Two (see below, 1) local months after the Lydia was stranded, the snows began to melt. At first only the surface melted during the day, refreezing at night. For a time, footing was treacherous. Then there came a time when the water did not completely refreeze, merely skimmed over. Finally the palisade was surrounded by a vast ocean of snowmelt, extending to the horizon and breaking like an inland sea against the foothills. The river swelled until it filled its kilometer-wide bed with a violent rush of ice-clogged, mud-brown water.
Even while the land was still covered, the first vegetation appeared; leaves and flowers sprang up on every withered bush and fresh shoots thrust out, growing at an unbelievable rate. When the water receded to mud, the gluegrass burst the bounds of earth, soft, stubby spikes of mucilaginous growth that clung to and fouled the legs of those who ventured out.
Then came the leers and the first wave of krats. Angi Dumezil watched the huge flightless birds from the palisade as they slogged about, buoyed up by their webbed feet. The hunters were only a hundred kilometers north of the settlement now, which eased the strain on the failing skimmer. In the palisade, preparations were being made to greet the main herd when it came. The mammalian herbivores would not arrive until the mud had dried enough to support their hooves.
Off to the north a small, deep lake in the shape of a perfect square marked the permafrost cellar dug earlier by the men. Now water filled, it would be filled with meat in the coming weeks and sealed with a covering of soil.
In the courtyard below, Jan was conducting classes in archery. The bows were of fiberglass formed from native sand by the lifeboat’s power pile. The arrows were tipped with the first native iron to have been smelted. Angi watched the men fire a volley, pride of community mingled with pride in her man. Jan had not asked her to marry him, but she expected the invitation any day – perhaps after the herds had passed and a measure of leisure had returned.
She returned to the task at hand, pouring boiling water through layers of ash to obtain the materials from which to make lye soap.(see below, 2) She was a pioneer and the daughter of pioneers; hard work was nothing new to her. Still, she had never been in a situation before where such a sense of urgency infused every act. It had welded them, crew and colonists alike, into a tightly knit community with the common purpose of survival. There was little bickering and an almost unnatural peace, due in part to the heritage of Benedictine Monism shared by all but the crew.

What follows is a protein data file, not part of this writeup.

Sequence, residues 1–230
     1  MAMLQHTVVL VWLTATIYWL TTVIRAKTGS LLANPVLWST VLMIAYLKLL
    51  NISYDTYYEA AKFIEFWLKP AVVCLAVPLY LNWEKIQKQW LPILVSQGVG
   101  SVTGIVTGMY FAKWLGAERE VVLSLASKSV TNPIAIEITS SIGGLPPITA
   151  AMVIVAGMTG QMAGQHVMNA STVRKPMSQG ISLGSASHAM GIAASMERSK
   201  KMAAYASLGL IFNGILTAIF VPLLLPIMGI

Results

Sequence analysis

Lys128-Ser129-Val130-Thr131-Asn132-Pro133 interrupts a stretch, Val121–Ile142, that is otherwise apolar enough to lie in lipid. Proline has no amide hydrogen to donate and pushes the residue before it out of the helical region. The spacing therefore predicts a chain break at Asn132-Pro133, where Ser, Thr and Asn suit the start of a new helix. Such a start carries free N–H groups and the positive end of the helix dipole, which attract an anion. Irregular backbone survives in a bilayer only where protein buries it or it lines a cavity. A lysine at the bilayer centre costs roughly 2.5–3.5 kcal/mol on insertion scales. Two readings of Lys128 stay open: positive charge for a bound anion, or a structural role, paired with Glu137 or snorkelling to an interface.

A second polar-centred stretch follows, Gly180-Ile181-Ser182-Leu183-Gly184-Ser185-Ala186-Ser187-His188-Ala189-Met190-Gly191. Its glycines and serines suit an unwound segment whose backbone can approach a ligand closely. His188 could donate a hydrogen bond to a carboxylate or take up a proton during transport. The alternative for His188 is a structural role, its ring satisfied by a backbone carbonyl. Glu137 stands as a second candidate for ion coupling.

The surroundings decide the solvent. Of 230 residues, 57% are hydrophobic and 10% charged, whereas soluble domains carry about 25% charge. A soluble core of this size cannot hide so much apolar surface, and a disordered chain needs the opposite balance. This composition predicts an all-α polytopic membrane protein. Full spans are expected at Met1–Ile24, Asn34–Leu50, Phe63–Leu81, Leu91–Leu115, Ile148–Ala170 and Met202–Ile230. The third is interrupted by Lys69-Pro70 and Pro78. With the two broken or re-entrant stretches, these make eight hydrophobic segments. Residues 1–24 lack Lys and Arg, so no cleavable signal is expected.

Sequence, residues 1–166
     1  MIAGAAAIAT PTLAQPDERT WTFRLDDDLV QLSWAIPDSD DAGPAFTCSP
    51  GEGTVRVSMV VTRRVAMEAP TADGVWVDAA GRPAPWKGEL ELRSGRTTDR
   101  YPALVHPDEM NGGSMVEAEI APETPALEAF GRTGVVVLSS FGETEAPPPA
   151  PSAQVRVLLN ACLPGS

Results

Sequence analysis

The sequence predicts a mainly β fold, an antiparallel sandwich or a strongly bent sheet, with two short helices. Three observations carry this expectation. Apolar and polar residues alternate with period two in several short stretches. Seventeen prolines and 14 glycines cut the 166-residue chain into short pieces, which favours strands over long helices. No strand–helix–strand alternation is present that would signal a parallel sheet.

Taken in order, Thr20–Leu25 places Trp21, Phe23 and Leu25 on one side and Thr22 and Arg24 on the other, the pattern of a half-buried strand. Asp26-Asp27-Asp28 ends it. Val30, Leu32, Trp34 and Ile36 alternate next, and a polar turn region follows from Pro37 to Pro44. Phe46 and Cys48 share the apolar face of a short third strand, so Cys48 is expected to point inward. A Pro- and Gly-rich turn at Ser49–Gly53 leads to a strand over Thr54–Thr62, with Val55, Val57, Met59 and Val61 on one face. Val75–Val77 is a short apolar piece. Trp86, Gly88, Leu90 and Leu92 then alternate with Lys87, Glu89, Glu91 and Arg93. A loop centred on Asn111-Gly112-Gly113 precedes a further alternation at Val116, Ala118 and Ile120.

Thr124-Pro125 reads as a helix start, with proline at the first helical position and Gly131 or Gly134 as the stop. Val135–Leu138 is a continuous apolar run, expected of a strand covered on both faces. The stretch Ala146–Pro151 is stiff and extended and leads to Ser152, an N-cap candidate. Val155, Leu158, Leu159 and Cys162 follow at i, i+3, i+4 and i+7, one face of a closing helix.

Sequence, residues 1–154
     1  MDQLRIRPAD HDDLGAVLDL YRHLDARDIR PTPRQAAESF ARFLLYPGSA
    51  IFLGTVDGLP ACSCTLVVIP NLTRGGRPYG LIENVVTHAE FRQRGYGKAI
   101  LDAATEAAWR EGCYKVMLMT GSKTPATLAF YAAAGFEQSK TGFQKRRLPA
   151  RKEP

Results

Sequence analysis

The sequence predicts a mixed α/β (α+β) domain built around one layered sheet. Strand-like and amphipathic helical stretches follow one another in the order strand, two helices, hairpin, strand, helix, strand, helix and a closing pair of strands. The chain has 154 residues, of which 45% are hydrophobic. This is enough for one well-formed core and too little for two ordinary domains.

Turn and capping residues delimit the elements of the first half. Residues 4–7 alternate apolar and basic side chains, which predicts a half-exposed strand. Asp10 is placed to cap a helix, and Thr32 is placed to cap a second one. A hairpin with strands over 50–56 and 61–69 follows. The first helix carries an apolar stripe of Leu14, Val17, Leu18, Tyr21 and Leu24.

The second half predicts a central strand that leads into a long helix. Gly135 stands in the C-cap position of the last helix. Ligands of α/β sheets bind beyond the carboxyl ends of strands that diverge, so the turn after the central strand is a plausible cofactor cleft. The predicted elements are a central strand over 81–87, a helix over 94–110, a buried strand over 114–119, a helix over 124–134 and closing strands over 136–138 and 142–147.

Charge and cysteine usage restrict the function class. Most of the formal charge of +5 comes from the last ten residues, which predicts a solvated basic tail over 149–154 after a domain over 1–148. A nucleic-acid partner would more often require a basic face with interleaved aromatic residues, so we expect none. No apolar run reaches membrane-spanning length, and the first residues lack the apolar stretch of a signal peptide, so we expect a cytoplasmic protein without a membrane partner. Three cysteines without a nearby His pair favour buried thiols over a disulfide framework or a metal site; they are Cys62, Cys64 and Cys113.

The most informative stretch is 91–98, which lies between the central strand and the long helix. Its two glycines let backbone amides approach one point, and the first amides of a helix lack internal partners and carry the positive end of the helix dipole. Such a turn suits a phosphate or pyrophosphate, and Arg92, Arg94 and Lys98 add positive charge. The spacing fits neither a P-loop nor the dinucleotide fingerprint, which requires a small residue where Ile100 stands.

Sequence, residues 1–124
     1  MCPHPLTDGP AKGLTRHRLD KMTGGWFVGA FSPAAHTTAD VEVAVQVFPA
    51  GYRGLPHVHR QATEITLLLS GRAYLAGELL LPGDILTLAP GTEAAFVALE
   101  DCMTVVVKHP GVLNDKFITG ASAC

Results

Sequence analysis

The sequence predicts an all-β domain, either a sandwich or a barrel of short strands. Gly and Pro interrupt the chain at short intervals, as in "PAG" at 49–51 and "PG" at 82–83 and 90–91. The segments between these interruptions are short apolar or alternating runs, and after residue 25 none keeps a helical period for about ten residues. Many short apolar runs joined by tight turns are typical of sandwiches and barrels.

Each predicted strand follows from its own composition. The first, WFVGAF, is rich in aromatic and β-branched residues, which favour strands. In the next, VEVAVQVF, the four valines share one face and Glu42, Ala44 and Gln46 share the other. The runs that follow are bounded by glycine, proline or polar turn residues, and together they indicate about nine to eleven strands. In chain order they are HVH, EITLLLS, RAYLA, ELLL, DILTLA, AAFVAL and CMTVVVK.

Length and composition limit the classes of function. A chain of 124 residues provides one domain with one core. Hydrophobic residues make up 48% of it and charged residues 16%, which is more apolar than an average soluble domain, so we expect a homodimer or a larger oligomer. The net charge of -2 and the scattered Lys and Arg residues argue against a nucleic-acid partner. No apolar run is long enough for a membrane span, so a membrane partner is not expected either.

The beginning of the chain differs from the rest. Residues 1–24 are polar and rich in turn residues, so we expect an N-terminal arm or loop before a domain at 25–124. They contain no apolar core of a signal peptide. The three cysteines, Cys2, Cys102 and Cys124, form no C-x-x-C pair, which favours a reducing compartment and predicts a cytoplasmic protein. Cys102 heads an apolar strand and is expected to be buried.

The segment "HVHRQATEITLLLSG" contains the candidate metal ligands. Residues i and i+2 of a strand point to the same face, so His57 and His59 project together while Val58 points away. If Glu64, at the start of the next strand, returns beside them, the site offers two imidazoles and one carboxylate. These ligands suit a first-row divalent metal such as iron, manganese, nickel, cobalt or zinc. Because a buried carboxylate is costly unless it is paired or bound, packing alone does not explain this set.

People no longer spoke of the fact that they were marooned. Angi, innocent of the complexities of spaceflight, found it strange that the uninjured ship orbiting Harmony – as they were corning to call the planet – was useless without the flight computer. And no one talked about the fact that they had been stranded by a deliberate act. Everyone knew that one of their number was responsible for their exile, but no one had the courage to speculate as to whom.
She looked up as Adrian Dumezil and Alexandre Chambard arrived from the outside with a fresh barrel of water. They had it slung from two poles. Working together they transferred its contents to the stationary barrel above her kettle.
- This seems a short time for all that has happened. I didn’t make a physical calendar while writing Jandrax, so I can’t refer back to see why I said two months. Certainly it is too soon for iron smelting, as mentioned a few paragraphs later.
- If I were writing this today, I would set her a different task. Lye soap fits the circumstances she is in, but it is unlikely to have been in her skill-set on the planet from which she originated.